John Lewis, gun-control advocate and last of the 'Big Six'
"Do we have the courage? Do we have the raw courage to at least make a down payment on ending gun violence in America?"
This was one of a series of tweets posted by John Lewis on the day he led a major Democratic Party sit-in protest in Congress in the wake of the shootings in Orlando that left 49 people dead.
The tweets reflected a life dedicated to the philosophy of non-violent activism.
Now the Democratic Party representative of Georgia's 5th District, John Lewis was in the 1960s one of the "Big Six" civil rights leaders, spearheaded by Martin Luther King Jr.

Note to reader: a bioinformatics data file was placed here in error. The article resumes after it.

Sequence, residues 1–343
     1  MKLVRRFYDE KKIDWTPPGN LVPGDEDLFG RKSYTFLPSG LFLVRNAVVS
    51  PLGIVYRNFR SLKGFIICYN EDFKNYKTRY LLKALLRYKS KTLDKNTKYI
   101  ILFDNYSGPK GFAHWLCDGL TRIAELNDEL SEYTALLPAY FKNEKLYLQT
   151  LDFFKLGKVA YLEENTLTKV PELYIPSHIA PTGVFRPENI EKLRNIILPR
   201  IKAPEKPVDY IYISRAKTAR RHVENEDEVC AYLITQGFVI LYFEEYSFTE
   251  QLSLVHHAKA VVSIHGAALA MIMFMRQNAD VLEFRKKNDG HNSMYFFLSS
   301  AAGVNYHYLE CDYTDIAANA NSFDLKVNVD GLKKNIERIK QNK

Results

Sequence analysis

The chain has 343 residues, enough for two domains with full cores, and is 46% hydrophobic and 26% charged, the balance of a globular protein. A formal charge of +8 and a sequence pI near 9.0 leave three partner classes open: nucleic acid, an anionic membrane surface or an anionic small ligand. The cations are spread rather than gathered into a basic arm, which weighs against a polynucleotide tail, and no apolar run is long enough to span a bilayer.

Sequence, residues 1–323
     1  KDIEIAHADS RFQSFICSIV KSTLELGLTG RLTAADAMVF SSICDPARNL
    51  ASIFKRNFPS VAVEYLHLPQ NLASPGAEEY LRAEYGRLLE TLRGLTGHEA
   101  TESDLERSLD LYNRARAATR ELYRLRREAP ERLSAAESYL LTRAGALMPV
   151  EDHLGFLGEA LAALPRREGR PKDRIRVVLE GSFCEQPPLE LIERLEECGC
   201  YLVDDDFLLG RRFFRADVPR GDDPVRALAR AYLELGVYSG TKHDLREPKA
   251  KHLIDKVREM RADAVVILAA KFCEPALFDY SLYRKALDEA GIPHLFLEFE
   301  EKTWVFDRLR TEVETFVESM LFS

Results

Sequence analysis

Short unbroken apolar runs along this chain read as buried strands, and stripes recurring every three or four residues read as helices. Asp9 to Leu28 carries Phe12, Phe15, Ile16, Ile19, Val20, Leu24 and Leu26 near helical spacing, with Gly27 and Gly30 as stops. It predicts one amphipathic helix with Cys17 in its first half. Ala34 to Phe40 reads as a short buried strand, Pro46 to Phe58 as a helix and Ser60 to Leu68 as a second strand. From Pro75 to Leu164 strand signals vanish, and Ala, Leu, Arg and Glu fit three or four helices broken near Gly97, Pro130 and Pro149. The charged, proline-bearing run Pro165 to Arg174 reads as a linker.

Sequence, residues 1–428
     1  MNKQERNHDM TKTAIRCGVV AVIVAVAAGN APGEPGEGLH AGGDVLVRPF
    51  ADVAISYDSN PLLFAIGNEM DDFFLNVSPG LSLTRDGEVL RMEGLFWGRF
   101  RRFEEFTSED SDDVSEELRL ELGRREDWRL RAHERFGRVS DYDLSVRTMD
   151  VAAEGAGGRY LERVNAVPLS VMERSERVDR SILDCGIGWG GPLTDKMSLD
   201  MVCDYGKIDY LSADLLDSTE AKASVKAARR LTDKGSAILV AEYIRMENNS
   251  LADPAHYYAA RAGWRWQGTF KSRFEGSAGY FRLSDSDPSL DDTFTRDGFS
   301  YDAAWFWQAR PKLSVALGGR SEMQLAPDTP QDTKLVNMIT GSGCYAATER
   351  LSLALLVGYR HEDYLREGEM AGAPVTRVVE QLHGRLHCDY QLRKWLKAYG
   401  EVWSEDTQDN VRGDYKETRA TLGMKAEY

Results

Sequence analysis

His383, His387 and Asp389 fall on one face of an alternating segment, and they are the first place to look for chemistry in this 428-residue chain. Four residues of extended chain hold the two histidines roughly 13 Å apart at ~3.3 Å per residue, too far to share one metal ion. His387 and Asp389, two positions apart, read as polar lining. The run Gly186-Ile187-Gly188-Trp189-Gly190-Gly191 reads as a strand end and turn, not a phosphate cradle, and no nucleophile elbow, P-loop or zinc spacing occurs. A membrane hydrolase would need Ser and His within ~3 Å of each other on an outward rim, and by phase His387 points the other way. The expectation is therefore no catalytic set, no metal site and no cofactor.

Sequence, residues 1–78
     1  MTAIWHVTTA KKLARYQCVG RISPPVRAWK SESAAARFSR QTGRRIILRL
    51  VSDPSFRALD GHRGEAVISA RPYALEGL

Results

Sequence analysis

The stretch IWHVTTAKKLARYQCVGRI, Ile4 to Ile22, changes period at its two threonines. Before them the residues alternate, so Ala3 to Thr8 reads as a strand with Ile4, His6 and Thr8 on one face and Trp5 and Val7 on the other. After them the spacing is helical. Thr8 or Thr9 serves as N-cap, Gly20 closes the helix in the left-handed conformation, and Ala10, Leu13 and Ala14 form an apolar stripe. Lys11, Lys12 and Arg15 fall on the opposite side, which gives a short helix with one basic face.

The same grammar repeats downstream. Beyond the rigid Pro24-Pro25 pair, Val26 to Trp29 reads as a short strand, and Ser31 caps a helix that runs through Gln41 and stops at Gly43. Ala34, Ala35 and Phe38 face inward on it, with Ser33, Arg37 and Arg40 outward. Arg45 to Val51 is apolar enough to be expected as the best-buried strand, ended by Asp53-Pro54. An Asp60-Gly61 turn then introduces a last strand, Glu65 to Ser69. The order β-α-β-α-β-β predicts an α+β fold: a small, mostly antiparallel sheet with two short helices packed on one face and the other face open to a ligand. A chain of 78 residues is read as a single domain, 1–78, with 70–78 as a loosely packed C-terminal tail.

He was the youngest, and, now aged 76, is the last still alive.
At just 21 he was on the Freedom Rides, sitting in bus seats reserved for whites to challenge segregation.
He led the Student Non-violent Co-ordinating Committee and played a key role in the historic March on Washington in August 1963.
Two years later, he was part of the famous Selma to Montgomery marches in Alabama, aimed at securing voting rights.
He and Hosea Williams led 600 marchers across Edmund Pettus Bridge in Selma in March 1965. The protesters were then attacked by Alabama state troopers in a confrontation that sparked national outrage and was dubbed Bloody Sunday.
John Lewis still bears the scars from being beaten unconscious. He said he thought he was going to die.
He racked up 40 arrests and suffered numerous physical attacks and serious injuries but remained committed to non-violent protest.
He was elected to the House in 1986 and has been re-elected 14 times, falling below 70% of the vote just once.
Congressman Lewis was awarded the highest civilian honour by President Barack Obama, the Medal of Freedom.